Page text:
The first competition of the Mini Charity Polo Tournament was between the Chambers Polo team and the NSK farms Polo team and it resulted in NSK farms Polo team beating the Chambers Polo team by 11 goals to 9 goals. The second competition was between the Pinnacle Polo team and the Imani Polo team with the Imani Polo team emerging victorious.
NCL buys Belize land to develop $50m cruise port
Norwegian Cruise Line has purchased some 75 acres in Belize for a planned cruise ship port destination.
The land, which is called Harvest Caye, has two islands in the Stann Creek and Toledo Districts in Belize. Norwegian said it planned to invest $50 million in the project.
“As our fleet continues to grow to 15 ships by 2017, we expect that we will double the number of guests sailing on our Western Caribbean itineraries, and, once this new destination is complete, bring four times as many guests to Belize than we do today,” said Kevin Sheehan, NCL President and CEO in a statement.
Sheehan said the company planned to develop the destination using a “sustainable design and eco-friendly principles that will retain the natural beauty and local culture of this tropical paradise.”
The two islands had previously been approved for a resort project, Caribbean Journal reported.
Dügü for tourism an insult to Garinagu, but its potency could be useful elsewhere
“Colonialism not only deprives a society of its freedom and its wealth but, of its very character, leaves its people intellectually and morally disoriented.” (Franz Fanon, 1966).
Several members of Garifuna communities in Belize and the diaspora, as well as many other Belizeans, have expressed through radio, TV and social media, their outrage at the recent news that the Norwegian Cruise Lines investment at Harvest Caye is proposing to include the dügü as part of its marketing strategy to attract cruise tourists to Southern Belize.
#470966 - 08/25/13 05:50 AM
Re: Today's Belize News: August 25, 2013
Joined: Oct 1999
More News: Scroll up from here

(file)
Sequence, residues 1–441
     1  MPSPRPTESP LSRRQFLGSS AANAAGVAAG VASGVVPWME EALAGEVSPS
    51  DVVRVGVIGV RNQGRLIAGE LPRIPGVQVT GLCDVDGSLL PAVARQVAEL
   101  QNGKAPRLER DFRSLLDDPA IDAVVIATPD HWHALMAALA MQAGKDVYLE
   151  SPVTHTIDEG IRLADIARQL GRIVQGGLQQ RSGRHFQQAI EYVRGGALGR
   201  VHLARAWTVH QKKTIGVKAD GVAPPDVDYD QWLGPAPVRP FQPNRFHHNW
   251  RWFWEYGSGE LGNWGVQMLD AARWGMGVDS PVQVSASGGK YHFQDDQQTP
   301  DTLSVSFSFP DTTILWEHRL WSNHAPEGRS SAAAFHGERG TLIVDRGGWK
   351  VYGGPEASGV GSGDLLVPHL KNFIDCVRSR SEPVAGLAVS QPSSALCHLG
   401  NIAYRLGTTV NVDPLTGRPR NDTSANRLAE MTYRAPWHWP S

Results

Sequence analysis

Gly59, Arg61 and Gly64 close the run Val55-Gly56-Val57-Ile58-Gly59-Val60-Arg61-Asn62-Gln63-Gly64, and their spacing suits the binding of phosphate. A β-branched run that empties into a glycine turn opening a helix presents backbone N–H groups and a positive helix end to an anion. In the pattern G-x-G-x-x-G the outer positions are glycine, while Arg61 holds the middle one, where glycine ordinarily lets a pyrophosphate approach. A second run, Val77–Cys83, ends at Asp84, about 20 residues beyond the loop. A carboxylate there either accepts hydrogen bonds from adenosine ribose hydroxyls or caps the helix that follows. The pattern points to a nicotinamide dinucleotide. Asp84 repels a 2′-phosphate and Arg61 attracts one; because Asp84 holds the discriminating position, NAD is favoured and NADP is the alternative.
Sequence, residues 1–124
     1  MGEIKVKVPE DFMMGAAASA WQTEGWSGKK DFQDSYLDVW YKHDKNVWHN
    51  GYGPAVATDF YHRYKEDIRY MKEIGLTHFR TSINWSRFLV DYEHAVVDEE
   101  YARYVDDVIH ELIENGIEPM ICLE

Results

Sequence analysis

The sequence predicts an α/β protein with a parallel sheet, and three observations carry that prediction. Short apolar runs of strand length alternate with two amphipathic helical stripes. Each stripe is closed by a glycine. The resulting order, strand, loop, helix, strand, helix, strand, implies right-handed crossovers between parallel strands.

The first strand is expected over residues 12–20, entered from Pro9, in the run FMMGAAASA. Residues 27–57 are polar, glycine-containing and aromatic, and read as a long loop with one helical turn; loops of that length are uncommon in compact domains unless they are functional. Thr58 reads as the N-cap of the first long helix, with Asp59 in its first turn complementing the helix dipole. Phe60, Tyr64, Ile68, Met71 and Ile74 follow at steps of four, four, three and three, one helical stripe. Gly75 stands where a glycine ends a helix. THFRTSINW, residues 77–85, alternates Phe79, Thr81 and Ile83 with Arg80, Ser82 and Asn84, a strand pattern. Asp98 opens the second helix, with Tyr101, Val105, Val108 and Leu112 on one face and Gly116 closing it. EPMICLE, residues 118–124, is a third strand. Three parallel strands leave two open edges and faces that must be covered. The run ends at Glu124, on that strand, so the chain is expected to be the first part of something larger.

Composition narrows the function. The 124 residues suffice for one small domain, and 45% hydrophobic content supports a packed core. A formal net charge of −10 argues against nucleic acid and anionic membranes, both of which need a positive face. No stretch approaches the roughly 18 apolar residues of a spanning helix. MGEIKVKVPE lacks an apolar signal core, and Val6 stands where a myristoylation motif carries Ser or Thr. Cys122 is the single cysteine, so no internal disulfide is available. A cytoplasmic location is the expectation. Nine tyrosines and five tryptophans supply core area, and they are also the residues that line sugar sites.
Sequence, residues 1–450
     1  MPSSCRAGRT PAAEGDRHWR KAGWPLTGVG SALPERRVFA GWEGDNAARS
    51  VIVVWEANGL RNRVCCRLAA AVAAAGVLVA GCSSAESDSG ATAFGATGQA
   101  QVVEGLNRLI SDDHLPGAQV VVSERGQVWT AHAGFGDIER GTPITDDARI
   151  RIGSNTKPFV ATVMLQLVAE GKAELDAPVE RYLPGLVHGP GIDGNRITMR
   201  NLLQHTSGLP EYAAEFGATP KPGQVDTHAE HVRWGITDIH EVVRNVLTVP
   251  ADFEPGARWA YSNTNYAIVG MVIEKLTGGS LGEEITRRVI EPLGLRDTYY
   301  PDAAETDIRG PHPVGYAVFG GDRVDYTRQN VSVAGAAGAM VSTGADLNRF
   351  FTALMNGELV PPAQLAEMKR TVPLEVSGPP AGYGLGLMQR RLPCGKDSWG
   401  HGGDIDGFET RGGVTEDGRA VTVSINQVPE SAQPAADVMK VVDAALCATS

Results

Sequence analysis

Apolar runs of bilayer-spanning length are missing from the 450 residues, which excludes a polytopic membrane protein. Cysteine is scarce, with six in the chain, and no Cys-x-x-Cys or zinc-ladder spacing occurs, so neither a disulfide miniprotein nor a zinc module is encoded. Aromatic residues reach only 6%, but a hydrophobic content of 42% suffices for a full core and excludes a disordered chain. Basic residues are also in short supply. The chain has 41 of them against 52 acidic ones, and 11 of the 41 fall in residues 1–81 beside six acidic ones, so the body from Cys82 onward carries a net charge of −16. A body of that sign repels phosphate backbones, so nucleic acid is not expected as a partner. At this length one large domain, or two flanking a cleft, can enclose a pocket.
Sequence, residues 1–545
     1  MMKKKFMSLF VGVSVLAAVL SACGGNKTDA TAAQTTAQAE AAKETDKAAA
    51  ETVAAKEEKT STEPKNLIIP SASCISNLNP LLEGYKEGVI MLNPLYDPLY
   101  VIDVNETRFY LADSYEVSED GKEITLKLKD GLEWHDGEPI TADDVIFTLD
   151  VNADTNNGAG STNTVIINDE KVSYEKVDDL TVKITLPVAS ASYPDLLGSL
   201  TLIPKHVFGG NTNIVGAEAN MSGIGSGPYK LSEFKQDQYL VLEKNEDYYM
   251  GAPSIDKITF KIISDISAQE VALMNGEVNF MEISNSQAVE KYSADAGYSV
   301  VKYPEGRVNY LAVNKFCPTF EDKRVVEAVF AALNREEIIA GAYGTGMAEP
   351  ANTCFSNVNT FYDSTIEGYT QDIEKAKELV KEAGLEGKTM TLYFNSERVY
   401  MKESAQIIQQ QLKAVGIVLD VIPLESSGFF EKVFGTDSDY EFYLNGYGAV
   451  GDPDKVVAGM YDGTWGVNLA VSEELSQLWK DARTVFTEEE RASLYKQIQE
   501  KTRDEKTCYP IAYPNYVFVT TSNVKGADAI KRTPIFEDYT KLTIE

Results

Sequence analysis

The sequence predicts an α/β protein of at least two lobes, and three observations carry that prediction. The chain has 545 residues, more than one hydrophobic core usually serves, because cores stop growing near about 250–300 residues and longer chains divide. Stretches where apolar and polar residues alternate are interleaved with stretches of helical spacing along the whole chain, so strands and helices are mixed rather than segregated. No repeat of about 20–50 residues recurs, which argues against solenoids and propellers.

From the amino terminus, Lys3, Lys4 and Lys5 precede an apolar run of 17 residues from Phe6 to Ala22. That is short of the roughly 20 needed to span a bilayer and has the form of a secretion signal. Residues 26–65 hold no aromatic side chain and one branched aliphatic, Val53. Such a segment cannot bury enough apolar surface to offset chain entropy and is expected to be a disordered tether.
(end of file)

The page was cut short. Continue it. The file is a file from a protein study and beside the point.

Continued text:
The August - September 2013 issue of The BELIZE AG REPORT is online HERE
This Issue's Stories:
- Opportunities and Global Perspective
of Cacao for Belize:
Cacao Field Day and Forum: The market for chocolate
couldn’t be better. There
is a worldwide deficit of
60,000 metric tons. Just at
the time that production is
decreasing in the two main
exporter countries of Ghana
and Brazil the demand
is increasing by 3% per
year, creating a wonderful
market opportunity for Belize. This was the theme of the forum
held in Toledo on June 12, 2013. The forum developed from an
idea that the U.S. Ambassador, H.E. VinaiThummalapally, had
when he visited Toledo cacao producers in February. Having
heard about Belize’s excellent chocolate quality in places he’s
visited and seeing the potential for the chocolate produced in
Toledo he contacted Mr. Jose Alpuche, CEO of the Ministry of
Natural Resources and Agriculture (MNRA), and Dr. Muhammad
Ibrahim, Country Director of InstitutoInteramericano de
Cooperation para la Agricultura (IICA), and Mr. Anhil Sinha
of Caribbean Agriculture Research and Development Institute
(CARDI), to sponsor the forum. In addition to the sponsoring
organizations, the stakeholders included members of the Toledo
Cacao Growers Association (TCGA), the Toledo Agriculture
Development Association (TADA), cacao farmers and processors.
- Good Pesticide Management Practices
Execution Progress and Future Work: The Good Pesticides
– Farmer Recognition
November 2012 and
is an interagency
undertaken to promote
and recognize good
volunteer farmers by bringing into focus the potential sources
of agrochemical contamination for horticultural products
from the field to consumers.
The initiative is expected to improve the competitiveness of
participating local farmers through a scheme that will award
public recognition to those in compliance with the GPMPFRI’s
requirements. Farmers’ compliance is monitored and
recorded by way of a toolkit which was developed based on
Global G.A.P. criteria. In addition to farm inspection and field
sampling activities, the initiative also has a farmer assistance
component whereby volunteer farmers are provided with
basic information and training in pesticide management and
application practices. Tangible support in the form of personal
protective equipment, pesticide storage units, field guides and
other tools to improve pesticide management practices on the
farm also form part of assistance offered to volunteer farmers.
- TO THE EDITOR: Good Morning Beth,
I just wanted to say that I read every Belize paper every day and
the Ag Report is the best of them all. Real stuff. Stuff that can help
the country and our neighborhoods. NO POLITICS. Its manna from
heaven. Thanks again.
- Bill Lindo responds to Vernon's Response Issue
21 page 5: Dear Harry Vernon,
I refer to your letter to the editor in issue # 21 in The Belize
Ag Reporton my subject “Energetic Agriculture”. You stated
that I lack understanding of the subjects chemistry and soil
sciences. If you mean that as it relates today to the teaching
in schools and universities, then you are correct. The schools
teach a pseudoscience in obedience to the corporate masters.
God made the universe and nature is a product of God’s action.
As human beings we have a job to try and understand how